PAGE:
The burial position is an awkward one, said Chinnock, with the skeleton slightly on his right side and his left side and arm elevated on a slope. There is a Roman cemetery just 60 metres away, suggesting a conscious decision not to bury him properly. The likely explanation is that he has been thrown in a ditch and covered over.

A diagram of the Great Casterton shackled burial.

Chinnock, an expert in ancient bones, said the man appeared to be between 26 and 35 and had led a physically demanding life. A bony spur on an upper leg bone may have been caused by a fall or blow or be the result of a life filled with excessive physical activity. The injury had healed by the time he died and the cause of his death remains unknown.

The Mola team say the identity of the man will never be known but “the various pieces of evidence present the most convincing case for the remains of a Roman slave yet to be found in Britain”.

A number of questions remain around the Great Casterton man but it was clear, Marshall said, that it was “extraordinary” evidence of mistreatment. “For living wearers, shackles were both a form of imprisonment and a method of punishment, a source of discomfort, pain and stigma which may have left scars even after they had been removed.”

See Also: MORE ARCHAEOLOGY NEWS

It was difficult to get away from the conclusion that the people who disposed of the shackled man “really hated him and were really keen to make that obvious, whether to other people or in the longer, more spiritual sense”.

Los Millares- The Largets Known Fortified Neolithic Settlement in Europe

Los Millares- The Largets Known Fortified Neolithic Settlement in Europe

Just 17km from Almería between Santa Fe de Mondujar y Gádor lies Los Millares, the largest known European fortified Neolithic settlement, dated c. 3,200-2,300 BC. The site includes a settlement and a cemetery with over 80 megalithic tombs.

Los Millares- The Largets Known Fortified Neolithic Settlement in Europe

Three walls and an inner citadel with an elaborate fortified entrance make up part of extensive fortifications at Los Millares. Thirteen nearly circular enclosures were forts protecting it. Within the three walls are 80 passage graves.

Los Millares was constructed in three phases, each phase increasing the level of fortification. The fortification is not unique to the Mediterranean area of the 3rd millennium; other sites with bastions and defensive towers include the sites of Jericho, Ai, and Aral (in Palestine) and Lebous, Boussargues and Campe of Laures (in France).

It consists of a settlement, guarded by numerous outlying forts and a cemetery of passage tombs and covers around 5 acres. 

Three concentric walls with four bastions surrounded the settlement itself; radiocarbon dating has established that one wall collapsed and was rebuilt around 3,025 BC. A cluster of simple dwellings lay inside the walls as well as one large building containing evidence of copper smelting.

Finally, the fortified citadel at the very top of the spur has only been investigated so far by means of various pilot trenches, which have revealed walls up to six metres thick, confirming the great importance of the structure. Within its grounds, there is a deep hollow, which is thought to be a water cistern but so far has not been excavated.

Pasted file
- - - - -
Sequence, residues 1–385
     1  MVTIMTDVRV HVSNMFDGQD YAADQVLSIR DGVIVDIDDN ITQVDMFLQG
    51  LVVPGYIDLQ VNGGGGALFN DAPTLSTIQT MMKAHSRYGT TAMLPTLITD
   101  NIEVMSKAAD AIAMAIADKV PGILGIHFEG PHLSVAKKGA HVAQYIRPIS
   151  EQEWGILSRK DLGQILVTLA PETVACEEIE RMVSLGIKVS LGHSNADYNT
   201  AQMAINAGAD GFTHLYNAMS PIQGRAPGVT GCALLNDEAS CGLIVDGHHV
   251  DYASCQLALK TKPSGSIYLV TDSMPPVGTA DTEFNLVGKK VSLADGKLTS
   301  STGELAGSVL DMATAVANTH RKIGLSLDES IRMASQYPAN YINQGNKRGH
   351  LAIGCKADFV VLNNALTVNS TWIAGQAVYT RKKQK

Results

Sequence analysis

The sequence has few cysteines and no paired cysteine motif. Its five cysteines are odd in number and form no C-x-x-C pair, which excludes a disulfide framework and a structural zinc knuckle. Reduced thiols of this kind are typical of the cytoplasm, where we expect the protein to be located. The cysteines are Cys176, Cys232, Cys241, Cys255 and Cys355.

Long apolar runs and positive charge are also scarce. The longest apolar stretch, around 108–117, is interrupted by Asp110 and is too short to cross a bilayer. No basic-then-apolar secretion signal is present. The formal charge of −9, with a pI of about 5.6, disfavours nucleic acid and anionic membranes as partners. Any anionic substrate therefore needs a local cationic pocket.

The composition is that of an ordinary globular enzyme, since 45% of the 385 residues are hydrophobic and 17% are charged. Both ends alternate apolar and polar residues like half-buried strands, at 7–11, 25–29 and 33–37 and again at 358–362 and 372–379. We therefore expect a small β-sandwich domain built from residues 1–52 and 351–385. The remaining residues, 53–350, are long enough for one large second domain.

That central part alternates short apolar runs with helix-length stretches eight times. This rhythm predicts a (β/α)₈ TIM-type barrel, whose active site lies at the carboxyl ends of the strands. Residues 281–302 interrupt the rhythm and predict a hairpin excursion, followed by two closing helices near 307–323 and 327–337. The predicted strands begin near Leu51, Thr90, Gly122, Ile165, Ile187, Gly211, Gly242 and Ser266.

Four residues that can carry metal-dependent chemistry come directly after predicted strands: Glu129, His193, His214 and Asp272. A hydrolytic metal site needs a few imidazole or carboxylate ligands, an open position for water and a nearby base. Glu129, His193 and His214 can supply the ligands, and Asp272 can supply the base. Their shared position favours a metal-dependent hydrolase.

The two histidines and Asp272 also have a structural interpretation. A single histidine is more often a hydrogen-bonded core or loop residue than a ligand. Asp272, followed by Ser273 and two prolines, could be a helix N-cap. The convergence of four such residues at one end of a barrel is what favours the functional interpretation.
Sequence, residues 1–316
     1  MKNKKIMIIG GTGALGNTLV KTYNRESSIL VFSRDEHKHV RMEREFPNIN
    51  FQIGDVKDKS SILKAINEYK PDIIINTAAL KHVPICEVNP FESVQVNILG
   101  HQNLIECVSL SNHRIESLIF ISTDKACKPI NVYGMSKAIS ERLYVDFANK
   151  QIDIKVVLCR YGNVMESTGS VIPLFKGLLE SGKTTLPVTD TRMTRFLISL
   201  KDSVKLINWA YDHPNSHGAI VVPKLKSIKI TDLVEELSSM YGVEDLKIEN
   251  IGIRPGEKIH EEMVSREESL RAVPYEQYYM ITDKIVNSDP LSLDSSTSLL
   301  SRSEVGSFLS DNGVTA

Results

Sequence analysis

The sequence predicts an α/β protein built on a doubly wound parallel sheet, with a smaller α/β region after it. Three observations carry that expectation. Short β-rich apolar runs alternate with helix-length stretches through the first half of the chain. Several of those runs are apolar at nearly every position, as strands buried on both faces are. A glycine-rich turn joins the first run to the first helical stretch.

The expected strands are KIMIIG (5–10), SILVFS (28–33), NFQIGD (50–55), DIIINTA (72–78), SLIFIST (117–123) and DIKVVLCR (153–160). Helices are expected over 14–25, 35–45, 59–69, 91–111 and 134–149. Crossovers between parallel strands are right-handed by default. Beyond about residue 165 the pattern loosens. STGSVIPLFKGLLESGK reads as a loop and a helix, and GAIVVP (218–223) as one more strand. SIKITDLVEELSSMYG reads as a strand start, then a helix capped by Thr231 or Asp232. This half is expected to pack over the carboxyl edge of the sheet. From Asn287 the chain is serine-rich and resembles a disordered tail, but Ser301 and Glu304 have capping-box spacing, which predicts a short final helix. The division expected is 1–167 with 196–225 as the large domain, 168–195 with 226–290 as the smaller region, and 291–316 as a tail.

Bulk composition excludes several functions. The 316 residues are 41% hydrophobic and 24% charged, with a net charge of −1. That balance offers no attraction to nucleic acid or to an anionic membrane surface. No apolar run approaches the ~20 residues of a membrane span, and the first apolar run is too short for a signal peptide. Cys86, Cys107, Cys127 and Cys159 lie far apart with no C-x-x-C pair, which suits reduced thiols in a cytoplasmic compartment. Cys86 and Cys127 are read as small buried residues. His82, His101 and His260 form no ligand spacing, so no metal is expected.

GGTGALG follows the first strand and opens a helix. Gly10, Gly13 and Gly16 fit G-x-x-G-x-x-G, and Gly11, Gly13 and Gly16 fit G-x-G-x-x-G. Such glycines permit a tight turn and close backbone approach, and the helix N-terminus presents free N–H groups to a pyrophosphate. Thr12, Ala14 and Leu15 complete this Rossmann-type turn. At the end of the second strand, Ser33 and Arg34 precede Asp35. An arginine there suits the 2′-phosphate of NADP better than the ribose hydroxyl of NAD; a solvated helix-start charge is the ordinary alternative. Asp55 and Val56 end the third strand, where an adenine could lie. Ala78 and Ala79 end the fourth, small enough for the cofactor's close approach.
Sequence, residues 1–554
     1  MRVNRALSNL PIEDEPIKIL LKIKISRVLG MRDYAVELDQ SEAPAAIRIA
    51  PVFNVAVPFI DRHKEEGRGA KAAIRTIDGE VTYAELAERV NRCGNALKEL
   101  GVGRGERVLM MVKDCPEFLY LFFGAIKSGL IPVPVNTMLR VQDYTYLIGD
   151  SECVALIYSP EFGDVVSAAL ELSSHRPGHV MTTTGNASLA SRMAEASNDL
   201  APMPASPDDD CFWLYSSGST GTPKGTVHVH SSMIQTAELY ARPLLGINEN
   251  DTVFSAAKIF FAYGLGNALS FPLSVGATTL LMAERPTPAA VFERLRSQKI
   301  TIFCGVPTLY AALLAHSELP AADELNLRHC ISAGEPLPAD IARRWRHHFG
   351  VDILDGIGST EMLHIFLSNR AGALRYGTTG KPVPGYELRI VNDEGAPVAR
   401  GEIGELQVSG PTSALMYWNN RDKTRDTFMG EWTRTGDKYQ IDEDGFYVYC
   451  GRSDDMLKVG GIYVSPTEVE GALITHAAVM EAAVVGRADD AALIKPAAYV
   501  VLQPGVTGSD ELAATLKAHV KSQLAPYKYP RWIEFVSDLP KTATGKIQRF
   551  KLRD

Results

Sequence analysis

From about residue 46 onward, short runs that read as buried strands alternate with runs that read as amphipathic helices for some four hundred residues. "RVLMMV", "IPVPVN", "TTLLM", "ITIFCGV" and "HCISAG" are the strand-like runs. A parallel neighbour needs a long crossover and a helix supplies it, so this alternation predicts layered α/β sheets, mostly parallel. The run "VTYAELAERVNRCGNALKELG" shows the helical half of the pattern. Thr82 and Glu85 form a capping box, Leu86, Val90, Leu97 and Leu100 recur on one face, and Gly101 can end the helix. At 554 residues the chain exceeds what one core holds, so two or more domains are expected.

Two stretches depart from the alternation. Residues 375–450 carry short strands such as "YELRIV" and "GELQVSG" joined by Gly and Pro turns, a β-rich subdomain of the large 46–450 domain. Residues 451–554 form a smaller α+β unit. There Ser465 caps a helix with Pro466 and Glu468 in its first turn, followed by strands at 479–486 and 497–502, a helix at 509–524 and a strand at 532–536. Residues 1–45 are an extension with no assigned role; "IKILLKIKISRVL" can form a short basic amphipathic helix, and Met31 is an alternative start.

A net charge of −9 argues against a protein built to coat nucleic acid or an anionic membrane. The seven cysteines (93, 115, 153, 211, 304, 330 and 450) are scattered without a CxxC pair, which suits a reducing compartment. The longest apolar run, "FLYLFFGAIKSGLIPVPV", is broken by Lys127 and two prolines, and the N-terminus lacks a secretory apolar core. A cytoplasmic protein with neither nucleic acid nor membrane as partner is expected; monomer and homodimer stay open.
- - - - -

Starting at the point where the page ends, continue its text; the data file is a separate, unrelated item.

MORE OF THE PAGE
Los Millares was discovered in 1891 during the course of the construction of a railway and was first excavated by Luis Siret in the succeeding years.

Antonio Arribas and Fernando Molina from the University of Granada later excavated Los Millares from 1978-1995, and analysis continues on the massive amounts of information collected.

The strategic sequence of the site shows that the settlement went through various phases of occupation. The first was during the early copper age (3,200 to 2,800 B.C.) when the three interior walls were constructed.

The second was during the middle copper age (2,800 to 2,450 B.C.), when the innermost wall was demolished and the outer wall constructed, together with most of the small forts outside the settlement itself. Finally, in the late copper age (2,450 to 2,250 B.C.) the first bell beakers appeared, a form of pottery that was produced henceforth on a large scale in the village.

During this late period, some profound social upheaval brought about a gradual decline in the size of the settlement, whose inhabitants gradually retired towards the fortified citadel. The site appears to have been finally abandoned around 2,250 B.C.

Over eighty megalithic tombs are visible outside the settlement. The majority are of the type mentioned above, but tombs without corbelled roofs also exist.

The chronology of tomb construction and use is unclear, but analysis of tomb forms, sizes, numbers of burials, contents, and distributions suggests that the dead were selected for interment and that social ranking had emerged, with higher-ranked groups being buried in tombs located close to the settlement.

Similar Tholos Tombs are common in Mycenaean remains, and a connection is commonly suggested. They are also present at other places in Spain, noticeably at the Cueva de Viera, which sits beside the great Cueva de Menga passage mound. Holed stones are also a common feature of dolmens in the Caucasus region of Russia where hundreds are visible.